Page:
Students prepare for Washington All-State and Regional Northwest

Katrina Filer, Staff Writer

Over the past few months, a few dedicated music students have been practicing, perfecting, and eventually memorizing some of the hardest pieces they have ever seen. They are preparing for the Washington All-State competition, and some of them, the regional All-Northwest competition.
All-State is February 11-14 and in Yakima. Junior Hannah Edmonds and sophomore Sophie Ossorio will be participating in the Symphonic Choir, and junior Brendan Weibel will play the bassoon in the band.
The choir audition process involved singing scales, exercises, and song excerpts. They record and send it to the judges, who decide who to accept.
“[Students] come in and it’s a blind audition. It’s all timed online, so once I click the exercise to record, boom, that’s it,” Liberty choir director Robin Wood said.
Woodwind and brass instruments prepared five difficult etudes for their audition. Brendan Weibel auditioned, and is now looking forward to the All-State weekend.
“I really hope to come out of it having known I played this awesome music as well as I could and having the memory of all the people I met,” Weibel said.
Junior Tiffany Yamasaki had this experience at All-State the previous year.
“All-State is great because you get to meet new people who have at least one common interest with you. And hearing a group of 300 singers is amazing in comparison to the 70 member choir at Liberty that I’m used to,” Yamasaki said.
American Choral Director’s Association All-Northwest lasts March 6-9 in Seattle. Sophomore Samuel Rausch will be part of the Jazz Honor Choir, freshman Abigail Rausch will sing with the Youth Honor Choir, and juniors Tiffany Yamasaki and Hannah Edmonds are with the Women’s Honor Choir.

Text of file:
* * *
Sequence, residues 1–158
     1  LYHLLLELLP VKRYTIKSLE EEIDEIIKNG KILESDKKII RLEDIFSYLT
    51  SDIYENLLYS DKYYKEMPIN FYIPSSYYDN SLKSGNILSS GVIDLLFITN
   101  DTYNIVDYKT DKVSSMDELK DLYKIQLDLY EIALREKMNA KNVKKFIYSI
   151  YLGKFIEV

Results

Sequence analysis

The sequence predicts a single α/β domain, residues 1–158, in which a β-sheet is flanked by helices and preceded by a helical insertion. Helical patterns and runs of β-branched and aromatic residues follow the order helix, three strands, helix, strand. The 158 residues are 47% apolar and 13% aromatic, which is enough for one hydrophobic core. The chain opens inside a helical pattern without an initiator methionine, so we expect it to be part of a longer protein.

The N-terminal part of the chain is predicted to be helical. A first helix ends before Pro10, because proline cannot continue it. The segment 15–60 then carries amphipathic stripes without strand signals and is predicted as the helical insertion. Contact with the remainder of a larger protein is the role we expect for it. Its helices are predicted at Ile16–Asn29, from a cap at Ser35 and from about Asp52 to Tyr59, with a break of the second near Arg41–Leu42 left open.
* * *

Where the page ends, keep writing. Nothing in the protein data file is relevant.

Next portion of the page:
“I’ve started listening to the pieces online, reading them, and going over them on my piano so I know the pieces really well when I get there,” Edmonds said.
The experiences that students gain will also affect the quality of music here at Liberty.
“As they go to these events and hear 300 voices from around the country, and then work on advanced music that stretches their abilities, all of that information comes back to their sensibilities when they return to the choir, and it just ramps up the professionalism,” Wood said.
The schedule for both events is intense. Students rehearse up to twelve hours a day, with only short breaks for meal times in between. The music, however, makes up for it. The performance at the end highlights all kinds of music, from Latin to Renaissance and anthems to Broadway classics.
The All-State and All-Northwest conventions are a chance for music students to meet other musicians, experience a higher degree of professionalism, and bring their newly-toned skills back to benefit Liberty’s music programs.